Tuesday, November 29, 2011

Health Insurance Exchange Subsidy Programs - Changing Face Of Distribution

Health Insurance Exchange Subsidy Programs

Life insurance distribution in Asia has long been dominated by the tied-agent model. While we are convinced that this will remain an important channel for the future, we have already seen bancassurance capturing shares of up to 50 percent in some markets. Furthermore, we will continue to see alternative and broker channels grow faster than the market - although from a still very small base.

Revamping The Agency Force

Asian insurers have typically built up large "tied" agency sales forces that rely heavily on relationship-based selling. These agents are often managed in a multilevel marketing, or pyramid, sales-force model. At the bottom of the pyramid are the new agents who have just entered the sales force.

As these agents recruit others to join the sales force and attain some stated standards (usually a minimum number of recruits as well as some level of personal sales), they get promoted to the next level. At this level, their compensation will depend on the sales of their recruited agents, which are often called the override commissions, as well as their own sales. These pyramids can continue to grow up to several layers, with the agency manager at the top of the pyramid managing a sales force of a few hundred agents.
Due to the strong relationships in these sales forces (that is to say, most of the agents are in some way linked to one another), each of these pyramid agencies can take on unique characteristics that are highly dependent on the philosophy and charisma of the agency manager. For example, in a large insurer in China, one of the largest agencies has over 800 agents, occupies a few floors in its own location, has its own internal rules, and even has its own chauffeured vehicles!
These sales forces have been extremely effective in these fast-growing markets, as the local networks of these agents can penetrate all levels of society and geography. However, as one can imagine, the quality of these sales forces varies greatly. Ranging from part-timers to neighborhood housewives to more professional financial advisers, insurance agents come in all sorts and forms. Many of these agents are high-school dropouts, most do not come with a strong financial background, and many have not done sales-related jobs before.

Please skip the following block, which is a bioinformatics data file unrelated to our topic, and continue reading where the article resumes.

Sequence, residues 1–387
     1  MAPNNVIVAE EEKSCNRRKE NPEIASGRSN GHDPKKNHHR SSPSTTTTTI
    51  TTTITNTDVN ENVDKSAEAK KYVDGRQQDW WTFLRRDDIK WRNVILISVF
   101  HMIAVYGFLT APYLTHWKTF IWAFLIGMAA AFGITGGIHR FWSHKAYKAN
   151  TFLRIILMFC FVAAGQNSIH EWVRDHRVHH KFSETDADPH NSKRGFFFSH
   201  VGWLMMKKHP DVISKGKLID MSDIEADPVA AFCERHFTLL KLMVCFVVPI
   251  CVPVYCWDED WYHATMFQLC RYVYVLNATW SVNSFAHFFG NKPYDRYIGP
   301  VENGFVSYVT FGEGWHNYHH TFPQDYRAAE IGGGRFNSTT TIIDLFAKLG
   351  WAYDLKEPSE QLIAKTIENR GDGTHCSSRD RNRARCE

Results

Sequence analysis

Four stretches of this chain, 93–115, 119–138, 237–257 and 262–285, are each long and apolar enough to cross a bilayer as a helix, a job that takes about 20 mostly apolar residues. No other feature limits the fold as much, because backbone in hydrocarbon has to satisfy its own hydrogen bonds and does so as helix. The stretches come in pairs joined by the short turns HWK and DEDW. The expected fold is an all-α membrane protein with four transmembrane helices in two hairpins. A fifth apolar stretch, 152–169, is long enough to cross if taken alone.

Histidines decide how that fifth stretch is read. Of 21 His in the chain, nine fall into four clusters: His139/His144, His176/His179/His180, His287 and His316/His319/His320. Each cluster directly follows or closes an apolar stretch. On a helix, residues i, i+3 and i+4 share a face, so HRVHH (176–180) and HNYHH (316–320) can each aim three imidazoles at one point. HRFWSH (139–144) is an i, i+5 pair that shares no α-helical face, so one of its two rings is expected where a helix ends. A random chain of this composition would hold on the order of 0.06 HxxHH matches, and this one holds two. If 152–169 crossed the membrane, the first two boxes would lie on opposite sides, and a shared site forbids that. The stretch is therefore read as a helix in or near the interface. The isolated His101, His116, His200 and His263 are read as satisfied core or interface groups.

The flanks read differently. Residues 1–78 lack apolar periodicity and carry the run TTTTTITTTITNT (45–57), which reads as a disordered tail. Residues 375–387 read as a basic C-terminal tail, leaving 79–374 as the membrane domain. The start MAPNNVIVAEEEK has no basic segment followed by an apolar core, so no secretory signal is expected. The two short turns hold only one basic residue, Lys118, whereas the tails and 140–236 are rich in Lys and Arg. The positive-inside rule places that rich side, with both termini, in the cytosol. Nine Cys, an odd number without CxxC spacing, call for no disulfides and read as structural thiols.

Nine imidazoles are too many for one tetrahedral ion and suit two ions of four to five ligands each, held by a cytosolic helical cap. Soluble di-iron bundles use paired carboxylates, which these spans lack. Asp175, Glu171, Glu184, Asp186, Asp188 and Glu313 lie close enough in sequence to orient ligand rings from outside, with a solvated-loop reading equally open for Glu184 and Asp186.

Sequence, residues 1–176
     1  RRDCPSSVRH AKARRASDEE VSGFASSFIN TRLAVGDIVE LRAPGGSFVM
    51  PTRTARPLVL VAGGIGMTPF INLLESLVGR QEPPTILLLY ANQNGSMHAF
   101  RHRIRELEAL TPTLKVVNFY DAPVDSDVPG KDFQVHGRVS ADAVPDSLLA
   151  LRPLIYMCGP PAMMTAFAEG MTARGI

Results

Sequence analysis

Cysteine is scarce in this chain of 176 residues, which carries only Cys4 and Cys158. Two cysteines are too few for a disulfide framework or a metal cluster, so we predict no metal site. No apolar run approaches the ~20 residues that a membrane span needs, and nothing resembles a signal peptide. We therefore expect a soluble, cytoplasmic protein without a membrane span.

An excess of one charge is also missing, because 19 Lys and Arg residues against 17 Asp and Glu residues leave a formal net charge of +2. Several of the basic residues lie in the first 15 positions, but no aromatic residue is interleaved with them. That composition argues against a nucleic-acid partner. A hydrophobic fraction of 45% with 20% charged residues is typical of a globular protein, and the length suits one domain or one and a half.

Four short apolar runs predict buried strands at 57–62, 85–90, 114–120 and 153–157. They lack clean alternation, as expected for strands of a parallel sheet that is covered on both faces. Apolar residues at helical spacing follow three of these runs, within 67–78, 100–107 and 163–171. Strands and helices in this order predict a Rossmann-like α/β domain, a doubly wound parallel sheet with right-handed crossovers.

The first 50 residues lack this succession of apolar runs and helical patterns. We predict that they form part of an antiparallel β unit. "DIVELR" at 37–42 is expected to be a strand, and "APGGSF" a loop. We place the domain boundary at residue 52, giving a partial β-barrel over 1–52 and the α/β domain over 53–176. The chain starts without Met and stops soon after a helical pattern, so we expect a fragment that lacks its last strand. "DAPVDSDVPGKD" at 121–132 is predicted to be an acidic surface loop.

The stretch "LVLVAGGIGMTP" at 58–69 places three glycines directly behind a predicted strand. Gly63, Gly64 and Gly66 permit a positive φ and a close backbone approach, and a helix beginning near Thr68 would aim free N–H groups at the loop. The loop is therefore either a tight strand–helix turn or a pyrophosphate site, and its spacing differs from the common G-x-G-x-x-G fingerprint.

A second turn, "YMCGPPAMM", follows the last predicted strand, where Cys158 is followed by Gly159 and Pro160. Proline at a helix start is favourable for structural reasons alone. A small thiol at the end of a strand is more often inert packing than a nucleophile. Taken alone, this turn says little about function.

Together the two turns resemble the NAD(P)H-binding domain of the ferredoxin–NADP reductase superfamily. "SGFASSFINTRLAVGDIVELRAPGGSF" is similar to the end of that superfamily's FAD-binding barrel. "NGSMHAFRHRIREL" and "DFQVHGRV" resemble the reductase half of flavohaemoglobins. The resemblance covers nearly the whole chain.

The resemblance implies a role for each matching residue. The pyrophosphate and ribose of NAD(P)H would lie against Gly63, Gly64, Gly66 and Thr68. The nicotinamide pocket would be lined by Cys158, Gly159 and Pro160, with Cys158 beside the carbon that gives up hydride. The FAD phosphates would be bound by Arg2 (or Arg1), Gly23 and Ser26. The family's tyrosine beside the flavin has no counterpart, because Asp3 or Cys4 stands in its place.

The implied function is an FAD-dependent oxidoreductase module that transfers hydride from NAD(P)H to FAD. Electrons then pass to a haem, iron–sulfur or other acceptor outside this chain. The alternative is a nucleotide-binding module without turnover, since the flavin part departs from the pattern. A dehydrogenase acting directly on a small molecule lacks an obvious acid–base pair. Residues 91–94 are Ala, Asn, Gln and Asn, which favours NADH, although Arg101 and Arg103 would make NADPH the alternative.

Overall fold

As such, trial-and-error is the modus operandi for recruiting agents. For example, in rapidly growing sales forces like those in China and India, it is not uncommon to see agent turnover rate of up to 70-80 percent per year, with up to one-third of the agents selling less than one policy per month. Health Insurance Exchange Subsidy Programs
Most of the traditional insurers have begun to revamp their sales forces in one way or another. One of the main themes is the ongoing standardization and upgrading of the agents, and the elimination of part-timers. For example, in Taiwan, the total number of agents dropped from nearly 250,000 in 2001 to 190,000 in 2006. At the same time, the proportion of part-time agents decreased by 4 percent, translating into an increase in first-year premium sales per agent of 3.85 times. 

In South Korea, the largest domestic insurers have been slowly adjusting their housewives model through a process of elimination and upgrading in order to be more competitive with the foreign insurers' younger agents. In Japan, the traditional insurers have been shrinking the size of their sales forces every year over the past seven years.
However, given the size and the history of these sales forces, this revamping process will be long and painful. For many of these large insurers, this upgrading of their sales forces will be their main challenge for the next several years. While those that can adapt quicker will be able to participate in the market growth, there will be many that will see their competitiveness and market share erode as the legacy issues prove too much to overcome. While these large sales forces are still very valuable assets for local insurers, it is imperative that they understand the urgency to revamp this model.
Growth of Alternative Channels and Brokers 

Compared to Western markets, independent financial advisers have not made much of a dent in Asia despite having gradually increased their presence in most markets from a low base. We do not expect this channel to become as significant as it is in many Western markets, where regulation encourages this form of selling. In the more mature Asia markets, such as Japan and Singapore, this channel has been growing fast, but it will take many more years for this channel to have any meaningful share of the overall market.